Saaab Stories finds itself as another testament that more rappers should explore the EP medium.
That being said, it’s not perfect. I have no idea why there was so much focus on hooks this time around. Action Bronson tries to vaguely carry a tune for “The Time” and it singlehandedly brings a solid track down; the one on “The Rockers” features a needless namedrop that I’m guessing 90% of Action Bronson fans won’t understand; the one on “Strictly 4 My Jeeps” vaguely works because Harry Fraud tailors to beat well to fit it in; the one on “Alligator” (“I’m about to buy an alligator lion for my birthday”) is so preposterous I can look the other way. Anyway, I’ve never been convinced by Action Bronson as a rapper – his one-liners don’t mesh well with my sense of humour (sample lines: “I been a grown man ever since I had a baby dick” and “Ri-ri-ri-ri-ri-ri-ri-ri-ri- rip your dick off / Ahh uhhh! Motherfucker I’m a sicko”). That being said, when “Alligator” does a beat switch halfway through and Harry Fraud leaves him with something practically non-existent, he does impressively survive out there on his own. As for the guests, they all do what you’d expect them to. I once facetiously described Bronson to a friend as “Discount Ghostface with diabetes,” and if that were true, then Big Body Bes is an even more discounted version of that; lines like “My whole life is a fucking discography b / You stupid? Quadruple platinum / Oops, what’s that? Another one,” are little more than empty braggadocio, without a single hint of cleverness.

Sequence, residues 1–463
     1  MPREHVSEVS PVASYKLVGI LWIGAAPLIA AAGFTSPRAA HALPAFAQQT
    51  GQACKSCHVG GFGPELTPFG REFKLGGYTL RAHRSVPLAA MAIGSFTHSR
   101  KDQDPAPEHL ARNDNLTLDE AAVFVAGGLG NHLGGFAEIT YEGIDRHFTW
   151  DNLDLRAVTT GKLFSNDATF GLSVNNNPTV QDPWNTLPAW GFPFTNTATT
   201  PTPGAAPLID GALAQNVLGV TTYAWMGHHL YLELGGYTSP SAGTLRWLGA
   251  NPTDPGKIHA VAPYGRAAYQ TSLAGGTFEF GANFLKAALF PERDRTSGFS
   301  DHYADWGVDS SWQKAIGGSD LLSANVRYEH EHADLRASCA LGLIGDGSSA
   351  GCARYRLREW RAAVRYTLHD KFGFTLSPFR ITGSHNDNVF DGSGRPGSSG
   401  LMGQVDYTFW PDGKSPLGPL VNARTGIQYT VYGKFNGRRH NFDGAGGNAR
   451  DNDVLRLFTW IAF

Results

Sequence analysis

So why the positive score, then? Because Harry Fraud is – no competition – the best producer Action Bronson has ever worked with, and he hands in exactly seven out of seven good beats here (a surprising success rate when you consider his rather whatever of a compilation earlier this year). The bass on “72 Virgins,” “No Time” andespecially “Seven Series Triples” are all heavy as fuck. While previous Action Bronson producer Party Supplies would’ve just left the beat at that, Harry Fraud doesn’t, adding guitars to the opener that bring me back to “O’s & Pounds” (one of the choice cuts on Adrift) and a keyboard line on “Seven Series Triplets” to wisely substitute for the lack of a hook. Meanwhile, Harry Fraud’s selling point is his versatility that keeps Saaab Stories constantly interesting – “Triple Backflip” (with neat percussion flourishes that sound SpaceGhostPurrp-inspired) and “The Rockers” are cloud-rap inspired while “Strictly 4 My Jeeps” is a wonderful boom bap throwback.